Alex Cagnoni | Crain's Washington D.C.

In this ongoing series, we ask executives, entrepreneurs and business leaders about mistakes that have shaped their business philosophy.

Alex Cagnoni

Background:  

Based in McLean, Va., Datablink is a privately held, global provider of authentication and transaction signing solutions that are used by banks and enterprises to protect millions of online users and transactions every day. Alex Cagnoni joined Datablink in 2014 when the company merged with BRToken, an internet security business Cagnoni co-founded in Brazil.

The Mistake:

[Early on at BRToken,] we didn’t take advantage of the opportunities that were ahead of us because we didn’t think we were capable, coming from an emerging market economy.

I’ve been working in the securities industry since 1998. In 2007, got together a few good partners and founded a company called BRToken in Brazil, where I’m from, that specialized in authentication and transaction signing technologies. Our main focus at that moment was internet banking customers.

Brazil, like any other emerging market economy, wasn’t free from growing criminality at that moment, so Brazilian banks were forced to spend a lot of money on internet banking portals, transactions and the security behind them. To give you an idea of what internet banking was like in Brazil at the time, you could do anything—you could wire money to anyone in Brazil or around the world, pay any type of bill, and make property tax payments. It was quite complete. Then, the criminals started to focus a lot on how to defraud and attack the banks and their customers. Our company invested in technology to protect those customers’ identities and transactions. It was a big thing at that moment, so we grew quite fast in Brazil.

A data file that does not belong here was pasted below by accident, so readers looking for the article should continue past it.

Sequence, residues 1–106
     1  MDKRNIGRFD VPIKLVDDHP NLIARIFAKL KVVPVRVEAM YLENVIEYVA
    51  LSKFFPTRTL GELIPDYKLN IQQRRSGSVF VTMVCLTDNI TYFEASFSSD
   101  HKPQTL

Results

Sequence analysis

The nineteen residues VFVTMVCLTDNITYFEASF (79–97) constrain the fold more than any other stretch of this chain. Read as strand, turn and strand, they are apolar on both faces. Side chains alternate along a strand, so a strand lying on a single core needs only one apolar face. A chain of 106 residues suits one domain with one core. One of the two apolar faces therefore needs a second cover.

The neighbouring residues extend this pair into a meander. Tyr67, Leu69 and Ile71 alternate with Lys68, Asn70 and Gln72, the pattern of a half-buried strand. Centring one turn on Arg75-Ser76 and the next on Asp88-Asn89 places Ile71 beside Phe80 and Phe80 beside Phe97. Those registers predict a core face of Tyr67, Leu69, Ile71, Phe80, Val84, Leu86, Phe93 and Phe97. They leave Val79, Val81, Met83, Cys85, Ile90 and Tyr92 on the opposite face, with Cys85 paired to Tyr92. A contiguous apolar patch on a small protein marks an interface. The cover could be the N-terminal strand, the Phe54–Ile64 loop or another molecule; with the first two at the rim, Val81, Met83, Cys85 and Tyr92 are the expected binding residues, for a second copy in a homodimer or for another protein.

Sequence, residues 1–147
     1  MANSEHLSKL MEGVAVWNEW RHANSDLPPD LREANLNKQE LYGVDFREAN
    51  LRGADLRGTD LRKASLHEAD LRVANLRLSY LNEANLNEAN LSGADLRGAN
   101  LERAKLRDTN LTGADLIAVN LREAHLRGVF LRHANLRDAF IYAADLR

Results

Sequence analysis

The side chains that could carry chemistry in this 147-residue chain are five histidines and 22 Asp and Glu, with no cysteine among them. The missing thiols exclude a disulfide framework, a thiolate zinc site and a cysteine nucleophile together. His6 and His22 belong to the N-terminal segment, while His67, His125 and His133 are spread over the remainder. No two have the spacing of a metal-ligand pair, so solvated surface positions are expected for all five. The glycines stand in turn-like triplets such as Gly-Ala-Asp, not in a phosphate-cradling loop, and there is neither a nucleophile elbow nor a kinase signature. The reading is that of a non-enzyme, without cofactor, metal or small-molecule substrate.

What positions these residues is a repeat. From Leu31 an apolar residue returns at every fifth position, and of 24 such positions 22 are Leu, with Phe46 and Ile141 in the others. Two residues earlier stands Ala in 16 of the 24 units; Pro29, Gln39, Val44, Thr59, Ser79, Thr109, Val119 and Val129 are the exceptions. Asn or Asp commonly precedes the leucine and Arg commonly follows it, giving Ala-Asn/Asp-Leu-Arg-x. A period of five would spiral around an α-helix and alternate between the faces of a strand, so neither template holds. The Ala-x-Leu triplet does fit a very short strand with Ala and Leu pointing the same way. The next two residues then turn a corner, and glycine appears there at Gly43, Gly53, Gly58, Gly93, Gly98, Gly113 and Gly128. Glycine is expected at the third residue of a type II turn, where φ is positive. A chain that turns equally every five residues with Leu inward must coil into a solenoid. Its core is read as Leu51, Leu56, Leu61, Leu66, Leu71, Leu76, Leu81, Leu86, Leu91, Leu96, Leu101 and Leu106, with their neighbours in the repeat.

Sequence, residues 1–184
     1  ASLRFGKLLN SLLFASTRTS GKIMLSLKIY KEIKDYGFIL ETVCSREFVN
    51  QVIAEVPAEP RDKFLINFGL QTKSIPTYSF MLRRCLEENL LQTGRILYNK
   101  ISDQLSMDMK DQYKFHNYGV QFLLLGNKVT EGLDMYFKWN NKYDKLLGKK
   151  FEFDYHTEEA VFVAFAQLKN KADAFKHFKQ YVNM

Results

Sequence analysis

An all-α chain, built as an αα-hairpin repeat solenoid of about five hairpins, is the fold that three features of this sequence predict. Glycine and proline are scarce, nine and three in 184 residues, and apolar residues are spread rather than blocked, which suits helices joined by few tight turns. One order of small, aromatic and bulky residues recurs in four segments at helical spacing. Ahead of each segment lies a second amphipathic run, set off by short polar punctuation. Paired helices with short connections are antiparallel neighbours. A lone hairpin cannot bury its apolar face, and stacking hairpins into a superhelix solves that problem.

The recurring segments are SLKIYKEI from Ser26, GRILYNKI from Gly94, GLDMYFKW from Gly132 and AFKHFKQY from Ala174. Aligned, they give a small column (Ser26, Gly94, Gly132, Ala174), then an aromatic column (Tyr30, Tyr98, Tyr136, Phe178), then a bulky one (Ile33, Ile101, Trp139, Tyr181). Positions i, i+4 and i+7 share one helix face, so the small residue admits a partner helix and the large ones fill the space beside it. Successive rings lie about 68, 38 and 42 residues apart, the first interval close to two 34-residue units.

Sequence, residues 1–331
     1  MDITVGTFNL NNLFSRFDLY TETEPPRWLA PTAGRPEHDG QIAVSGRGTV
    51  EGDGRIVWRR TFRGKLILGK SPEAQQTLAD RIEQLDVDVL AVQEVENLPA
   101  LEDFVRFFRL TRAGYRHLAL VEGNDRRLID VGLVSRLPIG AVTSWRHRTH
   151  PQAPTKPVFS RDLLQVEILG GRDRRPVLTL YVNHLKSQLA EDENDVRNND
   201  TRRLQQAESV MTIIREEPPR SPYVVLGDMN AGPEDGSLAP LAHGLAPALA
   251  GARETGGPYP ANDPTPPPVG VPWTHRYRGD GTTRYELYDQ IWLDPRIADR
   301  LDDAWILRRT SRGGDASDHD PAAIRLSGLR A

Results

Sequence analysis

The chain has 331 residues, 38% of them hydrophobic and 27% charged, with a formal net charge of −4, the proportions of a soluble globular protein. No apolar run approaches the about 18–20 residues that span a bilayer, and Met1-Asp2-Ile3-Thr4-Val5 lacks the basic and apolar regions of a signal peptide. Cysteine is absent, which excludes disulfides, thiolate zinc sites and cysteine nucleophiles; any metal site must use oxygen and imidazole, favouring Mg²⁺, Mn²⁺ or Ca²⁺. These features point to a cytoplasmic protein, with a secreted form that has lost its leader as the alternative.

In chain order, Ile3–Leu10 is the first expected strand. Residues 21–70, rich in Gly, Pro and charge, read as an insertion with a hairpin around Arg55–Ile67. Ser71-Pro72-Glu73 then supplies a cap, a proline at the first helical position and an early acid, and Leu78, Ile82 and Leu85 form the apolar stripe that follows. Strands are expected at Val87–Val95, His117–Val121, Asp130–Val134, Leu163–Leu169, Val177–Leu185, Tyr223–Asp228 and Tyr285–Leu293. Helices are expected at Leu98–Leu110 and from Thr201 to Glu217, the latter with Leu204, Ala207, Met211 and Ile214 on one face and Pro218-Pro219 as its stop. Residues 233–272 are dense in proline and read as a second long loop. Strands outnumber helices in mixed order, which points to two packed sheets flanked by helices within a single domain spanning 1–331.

About four years after our company was founded, there were national attacks of U.S. banks, where fraudsters wired more than $11 million to banks in China. The Federal Financial Institutions Examination Council recommended that the banks provide their customers with some measures to validate their transactions, which was exactly what we had been doing in Brazil for four years. When we heard about that, we thought, “Wow, this could be a great chance to grow internationally.”

Sometimes, however, when you’re part of an emerging market economy like Brazil, you have the sense that you’re behind the rest of the developed world, in terms of technology. So we said “OK, it’s not for us—it’s for bigger and better companies,” and we didn’t do anything. When we saw the big vendors doing what we were doing almost two years afterwards, we realized we’d missed out on some great opportunities outside of Brazil.

We shouldn’t have underestimated ourselves ...

The Lesson:

We shouldn’t have underestimated ourselves or the capacity of our country to create technology that could be considered best of breed in larger economies like the U.S. I now understand that countries in the developing stage can show relatively interesting and innovative technology created by their own unique social factors.

We aren’t cautionless today, but never for a moment do we think we can’t grow outside of our own comfort zones. If I felt that way in 2011, I would have hopped on a plane and made a plan to show our technology right away. We’ve since had the chance to grow internationally, and opened an office in the U.S. in 2014 [when we were acquired by Datablink]. It’s harder now because there are more companies around that world that do what we do, but we see growth potential and opportunities.

Follow Datablink on Twitter at @datablink.

​Pictured: Alex Cagnoni | Photo courtesy of Datablink.